Yu Zhengsheng
Yu Zhengsheng in 2017
8th Chairman of the Chinese People's Political Consultative Conference
In office
11 March 2013 – 14 March 2018
DeputyDu Qinglin and 22 other ones
Preceded byJia Qinglin
Succeeded byWang Yang
Communist Party Secretary of Shanghai
In office
27 October 2007 – 20 November 2012
MayorHan Zheng
Preceded byXi Jinping
Succeeded byHan Zheng
Communist Party Secretary of Hubei
In office
7 December 2001 – 27 October 2007
GovernorZhang Guoguang
Luo Qingquan
Preceded byJiang Zhuping
Succeeded byLuo Qingquan
Minister for Construction
In office
18 March 1998 – 29 December 2001
PremierZhu Rongji
Preceded byHou Jie
Succeeded byWang Guangtao
Personal details
Born5 April 1945 (1945-04-05) (age 79)[citation needed]
Yan'an, Shaanxi
Political partyChinese Communist Party
SpouseZhang Zhikai
Children1 son
ParentHuang Jing
RelativesYu Qiangsheng (brother)
Alma materHarbin Military Engineering Institute
Yu Zhengsheng
Simplified Chinese俞正声
Traditional Chinese俞正聲

Yu Zhengsheng (/j ʌŋˈʃʌŋ/;[1] Chinese: 俞正声; born 5[citation needed] April 1945) is a retired Chinese politician who served as the chairman of the Chinese People's Political Consultative Conference (CPPCC) from March 2013 to 2018. Between 2012 and 2017, Yu was the fourth-ranking member of the Politburo Standing Committee of the Chinese Communist Party.

Prior to coming to prominence nationally, Yu served as the Communist Party Secretary of Hubei, and Party Secretary of Shanghai, one of China's most important regional offices. Yu became a member of the Politburo of the Chinese Communist Party in November 2002.

Early life and education

Yu Zhengsheng was born in the communist revolutionary heartland of Yan'an in 1945, the son of Yu Qiwei (better known as Huang Jing), a Communist revolutionary, and Fan Jin, a frontline journalist. Yu's family was originally from Shaoxing, Zhejiang province. He graduated from Harbin Military Academy of Engineering specializing in the design of automated missiles. In December 1968 he was sent to work in Zhangjiakou, Hebei. Until the mid-1980s his career concentration was in electronic engineering. In 1984, he was asked by Deng Xiaoping's son Deng Pufang to take on a leading role in the Fund for Disabled Persons.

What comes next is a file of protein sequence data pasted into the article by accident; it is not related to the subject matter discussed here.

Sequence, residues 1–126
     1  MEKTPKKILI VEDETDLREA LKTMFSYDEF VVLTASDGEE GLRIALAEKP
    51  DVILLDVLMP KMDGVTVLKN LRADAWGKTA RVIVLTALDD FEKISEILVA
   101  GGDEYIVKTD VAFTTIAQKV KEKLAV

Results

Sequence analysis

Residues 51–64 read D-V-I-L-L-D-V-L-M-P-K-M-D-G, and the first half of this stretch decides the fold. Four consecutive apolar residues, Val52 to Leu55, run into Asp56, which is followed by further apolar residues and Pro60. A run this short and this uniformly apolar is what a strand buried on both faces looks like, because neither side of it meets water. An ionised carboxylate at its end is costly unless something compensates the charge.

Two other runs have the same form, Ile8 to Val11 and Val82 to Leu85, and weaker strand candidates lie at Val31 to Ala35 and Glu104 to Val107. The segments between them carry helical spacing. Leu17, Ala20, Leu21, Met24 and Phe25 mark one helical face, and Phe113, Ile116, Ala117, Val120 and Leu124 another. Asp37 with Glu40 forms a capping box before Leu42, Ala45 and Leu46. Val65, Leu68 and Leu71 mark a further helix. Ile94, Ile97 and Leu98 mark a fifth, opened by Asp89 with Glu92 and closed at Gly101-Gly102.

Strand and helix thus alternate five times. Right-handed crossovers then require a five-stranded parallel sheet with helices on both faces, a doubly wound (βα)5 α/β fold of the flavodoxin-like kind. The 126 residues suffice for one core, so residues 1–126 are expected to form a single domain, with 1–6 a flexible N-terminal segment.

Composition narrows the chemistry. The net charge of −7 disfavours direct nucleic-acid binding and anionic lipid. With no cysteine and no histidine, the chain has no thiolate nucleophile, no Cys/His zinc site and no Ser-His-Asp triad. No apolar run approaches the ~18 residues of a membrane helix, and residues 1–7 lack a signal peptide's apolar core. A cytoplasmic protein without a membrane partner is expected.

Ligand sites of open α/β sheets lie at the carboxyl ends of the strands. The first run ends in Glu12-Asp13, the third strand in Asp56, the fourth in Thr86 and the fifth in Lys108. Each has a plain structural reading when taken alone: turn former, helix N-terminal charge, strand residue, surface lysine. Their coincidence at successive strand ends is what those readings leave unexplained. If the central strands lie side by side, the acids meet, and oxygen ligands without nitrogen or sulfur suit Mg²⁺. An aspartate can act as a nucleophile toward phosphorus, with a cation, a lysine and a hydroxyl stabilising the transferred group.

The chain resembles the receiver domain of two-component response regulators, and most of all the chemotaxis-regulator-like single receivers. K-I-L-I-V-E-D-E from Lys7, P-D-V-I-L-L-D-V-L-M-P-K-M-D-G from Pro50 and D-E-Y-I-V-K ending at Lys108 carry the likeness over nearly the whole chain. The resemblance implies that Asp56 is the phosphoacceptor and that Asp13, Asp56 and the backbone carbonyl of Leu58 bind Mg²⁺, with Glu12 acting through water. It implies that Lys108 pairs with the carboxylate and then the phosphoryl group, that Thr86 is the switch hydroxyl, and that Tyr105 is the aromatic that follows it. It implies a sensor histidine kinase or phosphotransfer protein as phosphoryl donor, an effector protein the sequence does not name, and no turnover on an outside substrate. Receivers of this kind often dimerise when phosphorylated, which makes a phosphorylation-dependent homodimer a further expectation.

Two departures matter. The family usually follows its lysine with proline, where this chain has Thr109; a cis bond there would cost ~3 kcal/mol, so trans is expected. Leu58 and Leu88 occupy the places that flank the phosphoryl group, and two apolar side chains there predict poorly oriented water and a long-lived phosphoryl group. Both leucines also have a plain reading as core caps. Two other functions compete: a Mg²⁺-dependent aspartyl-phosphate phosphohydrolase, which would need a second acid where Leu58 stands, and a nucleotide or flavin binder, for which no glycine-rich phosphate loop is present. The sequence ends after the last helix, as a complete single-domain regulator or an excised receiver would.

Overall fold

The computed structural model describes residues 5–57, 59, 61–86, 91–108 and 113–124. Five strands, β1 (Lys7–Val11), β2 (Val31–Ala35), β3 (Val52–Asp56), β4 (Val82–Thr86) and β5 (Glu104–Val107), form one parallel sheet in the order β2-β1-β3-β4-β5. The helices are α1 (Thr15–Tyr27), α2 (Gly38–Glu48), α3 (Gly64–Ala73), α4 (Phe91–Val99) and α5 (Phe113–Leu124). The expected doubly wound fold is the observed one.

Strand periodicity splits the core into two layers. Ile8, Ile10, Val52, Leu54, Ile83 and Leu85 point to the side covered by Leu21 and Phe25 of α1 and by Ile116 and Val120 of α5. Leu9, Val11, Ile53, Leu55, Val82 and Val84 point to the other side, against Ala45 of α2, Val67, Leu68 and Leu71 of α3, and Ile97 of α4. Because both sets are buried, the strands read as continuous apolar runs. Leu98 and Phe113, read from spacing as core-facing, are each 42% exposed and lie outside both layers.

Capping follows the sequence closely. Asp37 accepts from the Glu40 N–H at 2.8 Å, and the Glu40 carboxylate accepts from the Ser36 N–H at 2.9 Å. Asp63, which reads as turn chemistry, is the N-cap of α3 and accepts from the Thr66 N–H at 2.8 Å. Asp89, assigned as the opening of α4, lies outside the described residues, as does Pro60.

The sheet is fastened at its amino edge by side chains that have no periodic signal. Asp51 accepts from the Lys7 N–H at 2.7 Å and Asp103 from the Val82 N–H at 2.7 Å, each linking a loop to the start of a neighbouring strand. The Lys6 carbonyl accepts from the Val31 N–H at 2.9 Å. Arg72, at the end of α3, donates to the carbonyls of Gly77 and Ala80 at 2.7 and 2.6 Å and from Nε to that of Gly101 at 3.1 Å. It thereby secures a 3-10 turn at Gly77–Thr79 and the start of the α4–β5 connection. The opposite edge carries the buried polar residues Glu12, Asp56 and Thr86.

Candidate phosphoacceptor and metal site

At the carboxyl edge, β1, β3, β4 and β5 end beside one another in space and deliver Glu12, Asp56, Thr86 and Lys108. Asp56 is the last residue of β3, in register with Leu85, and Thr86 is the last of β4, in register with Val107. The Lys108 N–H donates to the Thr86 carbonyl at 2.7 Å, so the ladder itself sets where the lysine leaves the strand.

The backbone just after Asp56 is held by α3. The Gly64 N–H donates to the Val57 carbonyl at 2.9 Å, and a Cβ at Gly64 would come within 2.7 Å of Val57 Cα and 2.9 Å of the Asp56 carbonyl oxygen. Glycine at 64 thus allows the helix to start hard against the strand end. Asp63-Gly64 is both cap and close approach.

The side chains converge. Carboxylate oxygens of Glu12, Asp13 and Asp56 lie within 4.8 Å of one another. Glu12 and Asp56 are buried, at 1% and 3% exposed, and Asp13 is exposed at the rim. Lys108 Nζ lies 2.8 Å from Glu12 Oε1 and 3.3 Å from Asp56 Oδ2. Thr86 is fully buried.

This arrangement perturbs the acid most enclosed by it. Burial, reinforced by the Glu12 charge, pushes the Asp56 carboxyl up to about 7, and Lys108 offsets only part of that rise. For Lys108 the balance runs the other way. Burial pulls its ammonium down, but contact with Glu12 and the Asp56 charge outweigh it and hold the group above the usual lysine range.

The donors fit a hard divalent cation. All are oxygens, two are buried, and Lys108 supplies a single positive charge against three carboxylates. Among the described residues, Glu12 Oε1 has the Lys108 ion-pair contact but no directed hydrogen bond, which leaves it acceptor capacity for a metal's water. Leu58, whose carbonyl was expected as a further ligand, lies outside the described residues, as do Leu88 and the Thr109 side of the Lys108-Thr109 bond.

Political career

In 1985, Yu was sent to Shandong to become Deputy Party Secretary of Yantai in Shandong province. In 1987 he was named mayor of Yantai at age 42. In 1992, he was named party chief of Qingdao and a member of the Shandong provincial Party Standing Committee; he was known to have released his salary income, housing situation, and gifts he received on television.

He failed to secure election to the Central Committee in 1992, subsequently being sent to become Party chief in Qingdao. Qingdao was approved as a sub-provincial city in 1997. Yu served as Deputy Minister of Construction when he was recalled back to Beijing in 1997, and a year later promoted to the Minister position. He remained in that position in Zhu Rongji's cabinet from 1998 to 2001. He became a member of the powerful Politburo of the Chinese Communist Party in November 2002, while serving as the party chief of Hubei. Yu was the only Hubei party chief since economic reforms began to hold a seat on the Politburo.

Shanghai (2007–2012)

Following the 17th Party Congress, Yu became the party chief in Shanghai, replacing Xi Jinping. During his term as party chief, Shanghai experienced below-normal economic growth and a drastic increase in real estate prices; a large influx of migrants from outside the city migrated in search of work, creating tension with locals.[2] In five urban districts of Shanghai, the population of those with outside hukou exceeded that of long-term Shanghai residents.[3] In addition, the major fire of 15 November 2010 of a 28-storey high-rise apartment also led to some residents citing mismanagement on the part of Yu.[4] As a result, Yu has earned a bad reputation from Shanghai residents compare to his predecessors.